Those unfamiliar with astronomical events always assume that you will be looking at a meteor shower with a telescope. As an exercise to prove how silly that is, extend your arm at the sky with your thumb up. That tiny piece of sky covered by your thumb is many times the field of view of an average telescope. You could see more of the sky by looking through a two-foot-long pipe than through a telescope! Meteors happen all over the sky, during a shower or otherwise. Why on earth would you limit your view to a tiny patch of sky?
It is obvious that hardly anyone bothers to look at the sky anymore. I’ve had people swear to me that they’ve seen the space station hovering overhead (turned out to be Jupiter). Others expect to see Venus always near the moon. A few are not even aware that the moon can be seen in the daytime. But, shoot, is there any real reason for your average person to look at the sky these days? Especially urban dwellers for whom the night sky is a brown haze, illuminated from below, at the best of times?
I go out to see these things because I find it fascinating but I am aware that some do not share my enthusiasm. Nevertheless, I dragged my wife and children along on this last expedition. When I make the journey with other A.N.’s we throw lawn chairs in the trunk and leave at midnight. Provisions such as beef jerky and Shiner Bock beer (with appropriate designated driver, of course) are to be found in fueling depots along the way. Stay up most of the night, doze off in the chairs and drive back with stiff necks in the morning. This will not do for a family outing, however. Especially with small children…who will only stay awake at night when you desperately want them to sleep.
It becomes a regular camping trip, then, complete with tent, sleeping bags, flashlights, blankets, pillow, portable propane stove and an ice chest with the entire contents of the kitchen refrigerator (as opposed to the garage refrigerator). Might as well take along the telescope (for looking at planets and stars, not meteors, you understand) and the bicycles because we’ll have some daylight hours to kill. Appropriate stuffed animals and annoying hand held electronic games to keep the offspring occupied. The target for leaving had been ten o’clock. It was eleven thirty when we left.
The first thing we found out at the campsite is that we have forgotten what to do on camp-outs. We rode bicycles, walked around for a while and played twenty questions. It was still only four o’clock in the afternoon and we were sitting around looking at each other. So we did what any bored campers would do, we went into town. Not really into town, but that peninsula of fast-food and big-box retail that grew up around the interstate. There we bought charcoal, which we’d forgotten. I’m not sure how we were planning to cook the hotdogs for dinner unless we boiled them on the propane stove…in a pot, which we also forgot. And while it might be possible to roast marshmallows over a propane flame, I doubt it would be much fun. Of course, any cooking would require matches, which we had also forgotten.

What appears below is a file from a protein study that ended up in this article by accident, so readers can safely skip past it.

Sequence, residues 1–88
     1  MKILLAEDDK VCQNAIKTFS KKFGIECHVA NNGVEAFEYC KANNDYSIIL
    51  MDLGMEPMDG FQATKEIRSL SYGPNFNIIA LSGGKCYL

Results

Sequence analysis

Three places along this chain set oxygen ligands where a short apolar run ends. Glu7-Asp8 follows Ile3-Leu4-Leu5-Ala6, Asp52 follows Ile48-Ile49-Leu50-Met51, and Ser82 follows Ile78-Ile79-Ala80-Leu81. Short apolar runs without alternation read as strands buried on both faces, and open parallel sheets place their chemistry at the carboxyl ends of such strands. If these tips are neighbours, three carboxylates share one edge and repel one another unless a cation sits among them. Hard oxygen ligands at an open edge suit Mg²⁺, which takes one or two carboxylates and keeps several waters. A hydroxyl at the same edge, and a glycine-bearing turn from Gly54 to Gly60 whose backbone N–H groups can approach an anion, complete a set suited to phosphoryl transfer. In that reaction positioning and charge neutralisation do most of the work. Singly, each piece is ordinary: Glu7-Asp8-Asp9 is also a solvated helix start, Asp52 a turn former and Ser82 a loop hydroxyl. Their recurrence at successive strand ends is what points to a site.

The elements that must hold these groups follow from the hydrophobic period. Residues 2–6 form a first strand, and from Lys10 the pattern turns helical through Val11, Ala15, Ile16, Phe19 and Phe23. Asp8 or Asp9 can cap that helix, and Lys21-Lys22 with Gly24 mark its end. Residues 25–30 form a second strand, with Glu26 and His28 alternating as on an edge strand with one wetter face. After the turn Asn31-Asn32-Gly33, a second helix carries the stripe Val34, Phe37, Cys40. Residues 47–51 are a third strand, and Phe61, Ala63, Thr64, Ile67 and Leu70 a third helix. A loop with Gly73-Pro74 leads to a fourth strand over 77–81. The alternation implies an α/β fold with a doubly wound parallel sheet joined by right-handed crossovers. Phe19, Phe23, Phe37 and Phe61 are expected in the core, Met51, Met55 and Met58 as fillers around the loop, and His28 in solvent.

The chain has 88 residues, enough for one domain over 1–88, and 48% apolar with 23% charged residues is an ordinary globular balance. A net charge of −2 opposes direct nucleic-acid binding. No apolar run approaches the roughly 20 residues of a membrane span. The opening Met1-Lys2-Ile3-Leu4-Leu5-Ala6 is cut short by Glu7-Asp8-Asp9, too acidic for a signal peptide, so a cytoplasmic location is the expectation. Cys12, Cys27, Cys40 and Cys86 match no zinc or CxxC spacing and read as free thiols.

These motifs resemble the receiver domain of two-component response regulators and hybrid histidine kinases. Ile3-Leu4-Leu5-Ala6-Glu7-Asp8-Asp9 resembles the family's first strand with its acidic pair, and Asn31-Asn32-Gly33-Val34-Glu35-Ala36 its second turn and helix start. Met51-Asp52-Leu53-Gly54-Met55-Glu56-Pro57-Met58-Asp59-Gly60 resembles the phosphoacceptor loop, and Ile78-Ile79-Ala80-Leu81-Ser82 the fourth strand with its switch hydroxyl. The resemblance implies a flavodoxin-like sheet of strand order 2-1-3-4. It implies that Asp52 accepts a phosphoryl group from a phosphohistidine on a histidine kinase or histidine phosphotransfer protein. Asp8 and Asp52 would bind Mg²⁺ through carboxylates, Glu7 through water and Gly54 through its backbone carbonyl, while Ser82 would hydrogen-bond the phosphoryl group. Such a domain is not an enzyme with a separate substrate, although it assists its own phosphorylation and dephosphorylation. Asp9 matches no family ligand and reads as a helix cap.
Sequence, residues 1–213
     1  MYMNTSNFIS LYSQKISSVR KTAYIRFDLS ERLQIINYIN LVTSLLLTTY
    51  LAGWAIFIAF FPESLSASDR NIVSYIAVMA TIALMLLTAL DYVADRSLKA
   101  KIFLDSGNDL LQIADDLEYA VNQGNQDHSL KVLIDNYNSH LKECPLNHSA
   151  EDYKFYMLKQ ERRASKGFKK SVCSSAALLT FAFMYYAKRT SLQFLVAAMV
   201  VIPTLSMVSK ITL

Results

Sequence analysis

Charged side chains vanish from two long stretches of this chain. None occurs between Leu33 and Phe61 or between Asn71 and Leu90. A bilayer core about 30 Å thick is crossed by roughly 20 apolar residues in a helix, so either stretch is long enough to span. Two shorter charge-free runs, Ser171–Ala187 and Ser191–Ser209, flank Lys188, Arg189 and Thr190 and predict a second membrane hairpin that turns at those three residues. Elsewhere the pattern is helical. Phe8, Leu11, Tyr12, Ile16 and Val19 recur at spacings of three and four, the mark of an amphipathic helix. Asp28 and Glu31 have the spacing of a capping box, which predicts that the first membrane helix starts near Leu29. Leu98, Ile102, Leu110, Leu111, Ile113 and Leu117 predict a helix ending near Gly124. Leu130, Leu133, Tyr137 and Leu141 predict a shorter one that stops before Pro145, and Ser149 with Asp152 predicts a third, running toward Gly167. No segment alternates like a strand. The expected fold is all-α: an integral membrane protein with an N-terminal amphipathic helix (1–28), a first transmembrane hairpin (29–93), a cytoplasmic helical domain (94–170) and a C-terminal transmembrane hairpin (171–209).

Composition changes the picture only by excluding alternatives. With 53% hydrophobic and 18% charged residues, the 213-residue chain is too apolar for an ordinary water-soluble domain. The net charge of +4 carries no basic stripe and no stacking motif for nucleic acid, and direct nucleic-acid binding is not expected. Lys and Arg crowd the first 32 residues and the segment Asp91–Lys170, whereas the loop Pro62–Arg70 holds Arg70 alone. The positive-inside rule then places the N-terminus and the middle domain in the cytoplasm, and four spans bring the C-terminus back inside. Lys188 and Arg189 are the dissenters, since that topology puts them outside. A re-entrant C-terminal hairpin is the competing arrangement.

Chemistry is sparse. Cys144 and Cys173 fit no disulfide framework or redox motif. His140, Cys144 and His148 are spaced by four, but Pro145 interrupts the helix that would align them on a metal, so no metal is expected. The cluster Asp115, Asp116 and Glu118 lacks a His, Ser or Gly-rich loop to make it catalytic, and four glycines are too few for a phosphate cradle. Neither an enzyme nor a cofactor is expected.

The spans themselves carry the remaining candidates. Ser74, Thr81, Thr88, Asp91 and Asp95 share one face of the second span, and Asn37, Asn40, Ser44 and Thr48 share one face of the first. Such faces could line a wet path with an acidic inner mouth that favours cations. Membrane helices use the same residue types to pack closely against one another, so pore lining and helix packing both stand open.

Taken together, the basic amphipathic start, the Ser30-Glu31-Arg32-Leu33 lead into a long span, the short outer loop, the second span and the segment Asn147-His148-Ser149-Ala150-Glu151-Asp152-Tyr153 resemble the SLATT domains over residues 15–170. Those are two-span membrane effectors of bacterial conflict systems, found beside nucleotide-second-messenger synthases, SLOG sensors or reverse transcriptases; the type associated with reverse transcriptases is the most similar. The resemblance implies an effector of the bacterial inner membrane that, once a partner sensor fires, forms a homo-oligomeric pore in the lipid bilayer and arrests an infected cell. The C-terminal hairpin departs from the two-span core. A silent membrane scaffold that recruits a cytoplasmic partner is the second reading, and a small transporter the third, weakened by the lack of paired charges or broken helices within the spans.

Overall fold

“So,” you are perhaps thinking, “Just when is he going to get to the part about the meteor shower?”
Meteor showers are best after midnight ’cause that’s when the Earth (the part of Earth where it’s after midnight, that is) is plowing “head-on” into this cloud of dust that makes meteors. The cloud itself has been spewed out along the orbit of a comet that crosses the Earth’s orbit. Now, I know what you’re thinking. It’s the same question reporters ask astronomers (in an urgent voice) every time the subject of comets and or near Earth asteroids comes up.
You’re thinking “Crosses the Earth’s orbit! But what if it hit the Earth?”
Relax, you are far more likely to be struck by lightning, hit by a bus and bitten by a shark, all simultaneously. The orbits don’t actually cross but just come close enough to where the Earth will run into that scattered dust cloud. And, even if they did cross exactly, then a collision would require that they both arrive at the same point in their orbits at the same time, which almost never happens neither.
So, there are times when there is a particularly thick cloud of dust that we happen upon. Not really thick, but just relatively thick, it’s still a dead ringer for absolute emptiness. That’s what’s called a meteor storm. Or the shower is said “to storm”.
Like this: “I understand that some predictions say the Leonids are going to storm this year”
This is a particularly cool thing to say around Astronomy Nerds because somebody is always predicting a “storm” and so you would sound like you actually know what you’re talking about. Of course you would be saying this to impress a bunch of people who hang out in the dark all night, staring up at the sky, so I’m not sure how useful this advice is.
The Leonids were supposed to storm last year, too – and the year before. I made the trip back then with the largest of my two sons and we saw a few good meteors. I always thought it would be cool if I could call them “My Three Sons” like the early sixties sitcom but I only have the two. I suppose I could say “three” if I count the cat who is indeed a male albeit a “repaired” one. (Fixed? Heck, I didn’t even know he was broken!) .